Israel’s government has approved emergency measures to track people suspected or confirmed to have been infected with the coronavirus by monitoring their mobile phones. The development appears to be an action taken in emergency but it has immediately raised privacy concerns in the country.
The cabinet unanimously approved the use of the technology – developed initially for counterterrorism purposes – in the early hours of Tuesday morning.
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The Israeli Prime Minister, Benjamin Netanyahu, first raised the issue during the weekend. He said authorities would use the data to notify people who may have come into contact with someone infected with the virus, and also to enforce quarantine orders.
In a televised speech on Monday evening, Netanyahu said the cyber monitoring would be in effect for 30 days. “Israel is a democracy and we must maintain the balance between civil rights and the public’s needs,” Netanyahu said. “These tools will very much assist us in locating the sick and stopping the virus from spreading.”
Using emergency powers, he bypassed what would typically be a process of approval by Israel’s parliament, the Knesset. It had looked likely a parliamentary subcommittee would have delayed the rollout.
The Association for Civil Rights in Israel said providing the country’s internal security agency, the Shin Bet, with new secretive powers was a “dangerous precedent and a slippery slope that must be approached and resolved after much debate and not after a brief discussion”.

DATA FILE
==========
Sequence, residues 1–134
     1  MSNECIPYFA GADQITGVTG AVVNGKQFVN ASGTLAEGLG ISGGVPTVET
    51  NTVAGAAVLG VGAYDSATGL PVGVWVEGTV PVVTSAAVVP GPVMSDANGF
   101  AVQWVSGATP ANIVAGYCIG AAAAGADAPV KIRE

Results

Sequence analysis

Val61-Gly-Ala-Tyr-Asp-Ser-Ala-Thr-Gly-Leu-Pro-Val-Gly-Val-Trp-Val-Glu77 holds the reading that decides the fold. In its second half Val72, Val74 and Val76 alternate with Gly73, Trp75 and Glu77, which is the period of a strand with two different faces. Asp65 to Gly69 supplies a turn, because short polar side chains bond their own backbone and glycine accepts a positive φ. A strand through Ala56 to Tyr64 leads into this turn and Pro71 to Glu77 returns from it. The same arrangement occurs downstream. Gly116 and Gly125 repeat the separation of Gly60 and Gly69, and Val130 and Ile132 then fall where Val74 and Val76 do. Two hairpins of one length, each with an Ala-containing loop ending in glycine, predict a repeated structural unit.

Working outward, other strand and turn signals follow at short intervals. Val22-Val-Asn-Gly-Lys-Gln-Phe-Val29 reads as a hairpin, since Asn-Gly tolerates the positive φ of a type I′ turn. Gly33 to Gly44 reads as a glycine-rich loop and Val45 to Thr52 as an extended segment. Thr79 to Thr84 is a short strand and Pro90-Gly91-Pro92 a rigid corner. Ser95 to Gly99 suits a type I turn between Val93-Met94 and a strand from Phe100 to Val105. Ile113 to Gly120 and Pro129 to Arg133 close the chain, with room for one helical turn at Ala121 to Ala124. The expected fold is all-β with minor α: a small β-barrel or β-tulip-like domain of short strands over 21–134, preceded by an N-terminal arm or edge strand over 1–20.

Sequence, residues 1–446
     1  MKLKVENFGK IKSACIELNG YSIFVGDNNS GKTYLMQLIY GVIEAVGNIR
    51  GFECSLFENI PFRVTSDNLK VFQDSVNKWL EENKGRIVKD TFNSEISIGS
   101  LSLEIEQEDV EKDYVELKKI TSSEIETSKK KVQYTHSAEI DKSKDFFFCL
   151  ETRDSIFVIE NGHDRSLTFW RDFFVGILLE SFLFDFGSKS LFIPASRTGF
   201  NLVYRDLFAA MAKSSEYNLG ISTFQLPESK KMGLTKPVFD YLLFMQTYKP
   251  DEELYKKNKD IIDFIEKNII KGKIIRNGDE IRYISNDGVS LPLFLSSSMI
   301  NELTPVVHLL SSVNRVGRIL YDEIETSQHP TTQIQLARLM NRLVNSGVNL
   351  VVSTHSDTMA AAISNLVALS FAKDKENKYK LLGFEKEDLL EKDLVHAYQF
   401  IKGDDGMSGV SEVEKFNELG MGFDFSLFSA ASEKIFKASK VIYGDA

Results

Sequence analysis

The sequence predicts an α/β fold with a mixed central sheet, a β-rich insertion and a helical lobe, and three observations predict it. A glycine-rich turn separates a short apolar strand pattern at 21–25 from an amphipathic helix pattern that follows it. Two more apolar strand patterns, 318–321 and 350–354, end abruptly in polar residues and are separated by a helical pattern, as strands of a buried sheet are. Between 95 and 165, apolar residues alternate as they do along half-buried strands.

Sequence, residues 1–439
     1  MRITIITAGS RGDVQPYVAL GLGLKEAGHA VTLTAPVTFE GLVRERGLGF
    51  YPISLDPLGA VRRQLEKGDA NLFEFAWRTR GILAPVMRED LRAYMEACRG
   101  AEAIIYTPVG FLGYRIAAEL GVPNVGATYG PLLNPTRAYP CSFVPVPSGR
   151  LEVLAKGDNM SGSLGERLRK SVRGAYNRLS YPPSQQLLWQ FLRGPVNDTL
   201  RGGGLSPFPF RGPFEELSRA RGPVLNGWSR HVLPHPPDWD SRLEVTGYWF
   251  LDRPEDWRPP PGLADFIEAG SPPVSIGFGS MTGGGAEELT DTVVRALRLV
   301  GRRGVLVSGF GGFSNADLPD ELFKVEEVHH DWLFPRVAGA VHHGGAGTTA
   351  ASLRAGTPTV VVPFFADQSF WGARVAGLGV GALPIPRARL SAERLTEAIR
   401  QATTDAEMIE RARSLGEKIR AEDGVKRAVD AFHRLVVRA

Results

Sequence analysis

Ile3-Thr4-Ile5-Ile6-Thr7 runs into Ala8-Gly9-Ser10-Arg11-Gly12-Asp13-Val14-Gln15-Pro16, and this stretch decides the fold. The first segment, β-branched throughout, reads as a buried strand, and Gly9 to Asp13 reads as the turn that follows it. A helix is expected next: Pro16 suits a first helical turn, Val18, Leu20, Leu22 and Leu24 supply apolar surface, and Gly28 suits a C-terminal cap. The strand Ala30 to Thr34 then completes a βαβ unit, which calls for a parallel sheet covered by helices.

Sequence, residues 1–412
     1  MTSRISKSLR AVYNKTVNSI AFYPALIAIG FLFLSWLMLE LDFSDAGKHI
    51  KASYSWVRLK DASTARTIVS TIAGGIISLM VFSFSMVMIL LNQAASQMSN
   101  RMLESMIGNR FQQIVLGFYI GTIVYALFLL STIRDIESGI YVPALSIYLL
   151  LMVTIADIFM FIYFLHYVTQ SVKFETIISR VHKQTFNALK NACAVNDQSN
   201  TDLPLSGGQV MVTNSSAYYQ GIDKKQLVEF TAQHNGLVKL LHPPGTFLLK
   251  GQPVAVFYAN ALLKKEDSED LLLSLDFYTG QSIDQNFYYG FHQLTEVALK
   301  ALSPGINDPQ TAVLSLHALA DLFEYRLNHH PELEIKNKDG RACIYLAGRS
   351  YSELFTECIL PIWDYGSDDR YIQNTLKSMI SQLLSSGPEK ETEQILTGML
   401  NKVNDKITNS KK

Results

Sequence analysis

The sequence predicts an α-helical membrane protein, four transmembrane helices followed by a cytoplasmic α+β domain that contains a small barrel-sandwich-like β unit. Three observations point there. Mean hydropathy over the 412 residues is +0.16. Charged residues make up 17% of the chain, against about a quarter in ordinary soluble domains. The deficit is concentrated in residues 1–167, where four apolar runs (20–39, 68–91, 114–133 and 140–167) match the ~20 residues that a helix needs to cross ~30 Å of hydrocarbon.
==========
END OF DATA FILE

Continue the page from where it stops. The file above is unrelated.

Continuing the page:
Netanyahu’s authority to implement such measures has also been questioned. The country is battling the coronavirus while also under a continuing political crisis, with Netanyahu ruling as interim leader. His opponent, Benny Gantz, is currently prime minister-designate and attempting to form a government, although it is unclear if enough lawmakers will back him.
Coronavirus appears to be single most terrifying challenge the world is deal with. According to latest media reports, more than 7,000 people have died and more than 156,000 have been infected by COVID-19 as the disease spreads rapidly to new territories. The epicenter of the outbreak has now shifted to Europe, which is recording a rapid rise in new cases every day.
The number of confirmed COVID-19 cases in Pakistan has risen to 237 as of Wednesday after more cases were reported in Sindh. The number of confirmed cases in Sindh rose to 172 after more cases (25 in Karachi and one from Hyderabad) were reported in the province on Monday.
Experts are working to have vaccine to treat novel Coronavirus. However, a perfect medical treatment is likely to take 12 to 18 months to be available in the market. Therefore, at this critical moment, citizens and government are encouraged to take preventative measures.